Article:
Dry Eyes and Tear Dysfunction Syndrome: Causes, Symptoms, and Treatments
What causes dry eyes or tear dysfunction syndrome? Penn Medicine ophthalmologist and Penn Dry Eye & Ocular Surface Center co-director, Giacomina Massaro-Giordano, MD discusses here.
Tear dysfunction syndrome is a very common medical condition that over 20% of the American population has been diagnosed with. However, this condition is often times ignored or not properly diagnosed and treated which can negatively impact individuals’ quality of life.
Tears are made up of three main components: oil, water, and mucous. When an individual is missing any of these components, their eyes may become dry. Other causes of tear dysfunction syndrome include infections, inflammation of the eye especially around the eyelids (also known as Blepharitis) or cornea, Conjunctivochalasis or loosening of the conjunctive attachments of the eye, issues with the various glands that produce tears, evaporation of tears and more.
There are many ways to treat tear dysfunction syndrome including the use of artificial tear drops, stabilizing the oil, a change in environment, utilizing humidifiers, inserting punctual plugs, changing your diet, and using certain medications. Some individuals may also suffer from tear dysfunction syndrome due to another present medical condition that they can seek treatment for. Other treatment options include oral sustained release Pilocarpine which induces lacrimal gland secretion, the insertion of lacrisert pellets, a fitting for Boston Scleral Lenses which allow a tear-fluid interchange and prevent the intrusion of air, and intense pulsed light treatment.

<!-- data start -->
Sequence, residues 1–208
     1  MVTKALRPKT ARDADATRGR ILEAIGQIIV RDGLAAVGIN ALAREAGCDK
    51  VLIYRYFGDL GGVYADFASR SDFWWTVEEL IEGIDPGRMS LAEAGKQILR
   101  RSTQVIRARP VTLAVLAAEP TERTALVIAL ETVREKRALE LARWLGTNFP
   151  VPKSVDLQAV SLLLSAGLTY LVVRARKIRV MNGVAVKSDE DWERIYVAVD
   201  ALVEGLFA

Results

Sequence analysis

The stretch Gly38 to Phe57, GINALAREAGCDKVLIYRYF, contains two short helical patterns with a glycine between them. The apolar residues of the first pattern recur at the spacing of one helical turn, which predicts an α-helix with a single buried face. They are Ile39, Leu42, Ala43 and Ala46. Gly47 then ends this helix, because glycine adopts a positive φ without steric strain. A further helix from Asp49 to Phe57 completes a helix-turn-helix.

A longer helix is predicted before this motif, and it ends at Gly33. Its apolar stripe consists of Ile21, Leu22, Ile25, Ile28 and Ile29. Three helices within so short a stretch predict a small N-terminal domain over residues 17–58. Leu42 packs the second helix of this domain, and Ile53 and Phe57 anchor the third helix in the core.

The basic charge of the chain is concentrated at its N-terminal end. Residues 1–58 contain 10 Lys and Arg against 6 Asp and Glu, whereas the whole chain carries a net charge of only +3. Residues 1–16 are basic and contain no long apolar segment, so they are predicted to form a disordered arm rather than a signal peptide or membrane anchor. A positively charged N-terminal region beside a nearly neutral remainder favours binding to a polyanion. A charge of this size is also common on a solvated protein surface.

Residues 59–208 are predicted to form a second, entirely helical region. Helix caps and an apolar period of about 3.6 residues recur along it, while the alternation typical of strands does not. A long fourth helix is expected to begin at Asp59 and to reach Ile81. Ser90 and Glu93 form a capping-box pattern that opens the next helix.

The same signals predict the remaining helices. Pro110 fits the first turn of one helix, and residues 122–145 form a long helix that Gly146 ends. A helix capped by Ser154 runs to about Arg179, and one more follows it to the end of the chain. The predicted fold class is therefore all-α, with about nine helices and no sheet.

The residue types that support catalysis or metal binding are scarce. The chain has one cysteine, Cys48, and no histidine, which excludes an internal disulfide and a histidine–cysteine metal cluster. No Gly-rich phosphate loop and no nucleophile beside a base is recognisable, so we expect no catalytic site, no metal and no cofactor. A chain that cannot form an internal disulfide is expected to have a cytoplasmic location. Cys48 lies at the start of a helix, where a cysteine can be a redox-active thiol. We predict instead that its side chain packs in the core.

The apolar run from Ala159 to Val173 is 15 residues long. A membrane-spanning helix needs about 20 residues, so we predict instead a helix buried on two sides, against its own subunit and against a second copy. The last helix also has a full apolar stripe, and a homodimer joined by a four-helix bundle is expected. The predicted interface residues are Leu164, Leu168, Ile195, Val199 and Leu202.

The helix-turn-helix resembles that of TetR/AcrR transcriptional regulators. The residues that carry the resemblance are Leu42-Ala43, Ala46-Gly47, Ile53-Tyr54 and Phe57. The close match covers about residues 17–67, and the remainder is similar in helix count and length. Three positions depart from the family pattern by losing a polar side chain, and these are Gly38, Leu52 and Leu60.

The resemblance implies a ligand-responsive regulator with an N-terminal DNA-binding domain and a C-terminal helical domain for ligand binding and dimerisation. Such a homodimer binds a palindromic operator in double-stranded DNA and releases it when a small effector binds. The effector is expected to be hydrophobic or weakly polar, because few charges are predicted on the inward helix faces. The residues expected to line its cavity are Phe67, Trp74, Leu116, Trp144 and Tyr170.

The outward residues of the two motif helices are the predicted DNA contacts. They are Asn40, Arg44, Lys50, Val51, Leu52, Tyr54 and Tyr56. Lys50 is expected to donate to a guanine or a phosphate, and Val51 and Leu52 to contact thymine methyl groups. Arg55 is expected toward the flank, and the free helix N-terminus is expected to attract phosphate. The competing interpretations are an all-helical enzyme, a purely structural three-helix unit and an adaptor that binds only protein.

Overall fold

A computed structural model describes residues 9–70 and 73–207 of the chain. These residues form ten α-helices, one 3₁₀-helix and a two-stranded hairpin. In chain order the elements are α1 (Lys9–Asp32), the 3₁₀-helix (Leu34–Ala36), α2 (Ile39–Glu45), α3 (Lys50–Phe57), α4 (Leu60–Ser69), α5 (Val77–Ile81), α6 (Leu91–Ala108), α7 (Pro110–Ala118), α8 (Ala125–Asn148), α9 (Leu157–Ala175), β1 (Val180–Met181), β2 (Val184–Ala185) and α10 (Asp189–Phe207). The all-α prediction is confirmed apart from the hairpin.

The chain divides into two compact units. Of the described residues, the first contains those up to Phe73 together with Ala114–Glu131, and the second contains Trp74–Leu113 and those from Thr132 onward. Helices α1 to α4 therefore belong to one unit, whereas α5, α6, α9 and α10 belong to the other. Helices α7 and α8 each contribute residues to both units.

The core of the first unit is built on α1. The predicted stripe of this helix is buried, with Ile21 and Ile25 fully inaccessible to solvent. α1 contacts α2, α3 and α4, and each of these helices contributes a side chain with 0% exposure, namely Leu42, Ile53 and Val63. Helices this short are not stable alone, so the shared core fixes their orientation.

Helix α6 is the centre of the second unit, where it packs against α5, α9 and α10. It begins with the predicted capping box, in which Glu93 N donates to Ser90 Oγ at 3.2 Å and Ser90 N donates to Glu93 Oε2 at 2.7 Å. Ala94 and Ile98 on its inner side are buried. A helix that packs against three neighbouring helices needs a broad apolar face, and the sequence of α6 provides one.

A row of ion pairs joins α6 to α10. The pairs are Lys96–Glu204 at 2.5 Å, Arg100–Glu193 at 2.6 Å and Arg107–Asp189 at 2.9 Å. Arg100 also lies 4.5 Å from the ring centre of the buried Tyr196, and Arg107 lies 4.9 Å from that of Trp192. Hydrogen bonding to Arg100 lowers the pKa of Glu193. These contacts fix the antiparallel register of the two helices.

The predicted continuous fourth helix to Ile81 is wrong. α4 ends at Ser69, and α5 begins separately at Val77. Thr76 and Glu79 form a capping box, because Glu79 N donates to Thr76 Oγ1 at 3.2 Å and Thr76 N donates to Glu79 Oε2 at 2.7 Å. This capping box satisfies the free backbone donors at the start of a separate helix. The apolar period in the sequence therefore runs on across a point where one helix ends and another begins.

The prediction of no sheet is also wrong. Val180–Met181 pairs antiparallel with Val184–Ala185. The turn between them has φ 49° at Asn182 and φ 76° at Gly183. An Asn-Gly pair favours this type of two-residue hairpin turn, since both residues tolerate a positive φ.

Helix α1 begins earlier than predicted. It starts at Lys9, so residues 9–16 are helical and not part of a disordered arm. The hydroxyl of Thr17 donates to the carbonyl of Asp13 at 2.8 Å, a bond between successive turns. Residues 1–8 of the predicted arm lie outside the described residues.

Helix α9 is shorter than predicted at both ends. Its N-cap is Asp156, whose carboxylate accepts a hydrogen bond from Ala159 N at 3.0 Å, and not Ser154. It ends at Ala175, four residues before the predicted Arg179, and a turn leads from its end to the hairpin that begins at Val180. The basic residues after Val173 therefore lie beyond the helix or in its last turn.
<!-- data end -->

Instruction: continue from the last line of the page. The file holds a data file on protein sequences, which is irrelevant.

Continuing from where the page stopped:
Learn more about dry eyes diagnosis and treatment at Penn’s Scheie Eye Institute: http://www.pennmedicine.org/ophthalmology/patient-care/eye-diseases/dry-eyes.html
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